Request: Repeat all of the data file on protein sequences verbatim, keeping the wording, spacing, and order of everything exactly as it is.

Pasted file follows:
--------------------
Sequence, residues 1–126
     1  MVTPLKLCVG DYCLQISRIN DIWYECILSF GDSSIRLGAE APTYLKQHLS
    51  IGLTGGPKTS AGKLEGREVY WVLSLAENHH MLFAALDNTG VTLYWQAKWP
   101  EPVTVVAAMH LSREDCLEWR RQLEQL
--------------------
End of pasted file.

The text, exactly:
Sequence, residues 1–126
     1  MVTPLKLCVG DYCLQISRIN DIWYECILSF GDSSIRLGAE APTYLKQHLS
    51  IGLTGGPKTS AGKLEGREVY WVLSLAENHH MLFAALDNTG VTLYWQAKWP
   101  EPVTVVAAMH LSREDCLEWR RQLEQL